Tory ministers and supporters woke to hear their party had lost two by-elections overnight. One, Tiverton and Honiton, saw a 24,000 Tory majority overturned by the Lib-Dems-the biggest ever loss for the party, in a seat held by the Tories for over 100 years!
Labour took back party of its former ‘red wall’ by winning a Wakefield, Yorkshire, seat:
Quickly, in the wake of this, the party chairman, Oliver Dowden, resigned. He tells Boris Johnson: “Our supporters are distressed and disappointed by recent events, and I share their feelings”.
He was not available for interviews about the elections and the party was struggling to field anyone for breakfast TV interviews.
Meanwhile, in Kigali, Rwanda, PM Johnson is putting on the brave face, carrying on regardless:
Early indications are Tory voters fled from Johnson, rather than running towards Labour, so a general election win may still be a long shot.
France’s government is now stuck with a stalemate, after elections on Sunday, June 19, as the legislature is now a majority of parties different than the president, after Macron gained victory in April.
The week began badly for cryptocurrency assets:
Markets have history as a guide:
Is cryptocurrency a Ponzi scheme?
The week ended worse:
This morning (June 17, 2022), the Constitutional Court handed down its judgment in the matter of Roshaine Clarke v Attorney General of Jamaica, a …Constitutional Court Rules Parts of 2018 Emergency Powers Regulations Unconstitutional: Roshaine Clarke v A.G. Judgment
For more context, the Attorney General responded to the ruling:
It was sweltering in London, in the 90F/30C range, till evening.
It’s been building up all week, with temperatures above 40C/105F:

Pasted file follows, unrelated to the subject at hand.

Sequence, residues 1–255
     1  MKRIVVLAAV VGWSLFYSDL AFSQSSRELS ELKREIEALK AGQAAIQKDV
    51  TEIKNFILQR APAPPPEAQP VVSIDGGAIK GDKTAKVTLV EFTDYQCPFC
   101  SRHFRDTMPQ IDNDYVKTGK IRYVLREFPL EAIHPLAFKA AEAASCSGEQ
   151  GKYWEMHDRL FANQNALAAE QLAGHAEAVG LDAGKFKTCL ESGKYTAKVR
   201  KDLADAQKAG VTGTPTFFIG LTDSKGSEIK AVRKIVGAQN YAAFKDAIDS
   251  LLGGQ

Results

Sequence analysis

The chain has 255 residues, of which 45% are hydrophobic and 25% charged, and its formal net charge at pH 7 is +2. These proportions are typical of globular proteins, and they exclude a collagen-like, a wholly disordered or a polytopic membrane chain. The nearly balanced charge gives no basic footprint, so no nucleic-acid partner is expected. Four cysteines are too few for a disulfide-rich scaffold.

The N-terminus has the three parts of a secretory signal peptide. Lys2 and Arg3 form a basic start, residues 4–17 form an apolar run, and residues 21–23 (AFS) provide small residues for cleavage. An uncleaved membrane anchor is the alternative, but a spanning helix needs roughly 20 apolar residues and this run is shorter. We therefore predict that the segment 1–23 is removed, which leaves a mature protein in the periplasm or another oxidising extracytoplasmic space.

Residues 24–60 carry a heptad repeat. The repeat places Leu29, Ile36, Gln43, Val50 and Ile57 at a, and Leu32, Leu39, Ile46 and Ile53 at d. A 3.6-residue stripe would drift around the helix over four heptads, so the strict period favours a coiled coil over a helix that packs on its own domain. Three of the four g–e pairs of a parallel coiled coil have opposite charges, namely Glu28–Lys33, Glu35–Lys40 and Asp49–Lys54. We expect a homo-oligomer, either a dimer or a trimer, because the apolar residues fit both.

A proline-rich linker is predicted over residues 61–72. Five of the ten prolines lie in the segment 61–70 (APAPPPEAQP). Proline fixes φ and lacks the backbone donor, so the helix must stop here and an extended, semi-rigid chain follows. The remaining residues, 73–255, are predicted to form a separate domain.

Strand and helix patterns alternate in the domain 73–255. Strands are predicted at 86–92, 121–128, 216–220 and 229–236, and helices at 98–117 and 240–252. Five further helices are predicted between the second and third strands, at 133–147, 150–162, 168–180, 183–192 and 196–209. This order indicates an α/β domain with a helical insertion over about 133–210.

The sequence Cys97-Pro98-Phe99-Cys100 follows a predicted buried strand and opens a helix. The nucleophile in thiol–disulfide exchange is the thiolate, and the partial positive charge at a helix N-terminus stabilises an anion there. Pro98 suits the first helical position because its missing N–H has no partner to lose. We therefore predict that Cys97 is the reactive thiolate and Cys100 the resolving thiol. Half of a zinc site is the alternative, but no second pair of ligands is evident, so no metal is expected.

It may not be anyone’s favourite browser now, but many knew nothing else than Internet Explorer for many years. But, from today, Microsoft will no longer offer support for the software:
I was initially a user of Netscape, as the forerunner of web browsers, but moved to Internet Explorer once it because integrated with Microsoft applications, especially the Windows suite, which was a feature of the hardware I had to use for work. I used the open-source Mozilla (later Firefox) for a long time, before gravitating to Safari (the browser associated with Apple’s operating systems, MacOS) with the increased personal/home use of Apple devices, and Google Chrome (which works well with MacOS), as an alternative. Microsoft stopped offering Explorer for Apple/Macintosh in the early-2000s. Not surprisingly, for a long-time Apple products user, I steer away from Microsoft software, so rarely use the successor to Explorer, Microsoft Edge, unless forced to.
Most browsers are stable, so it often comes down to ‘feel’ and look and ease of adjustment. Some browsers don’t work well with some institutional set-ups, which can be a modern bane to productivity.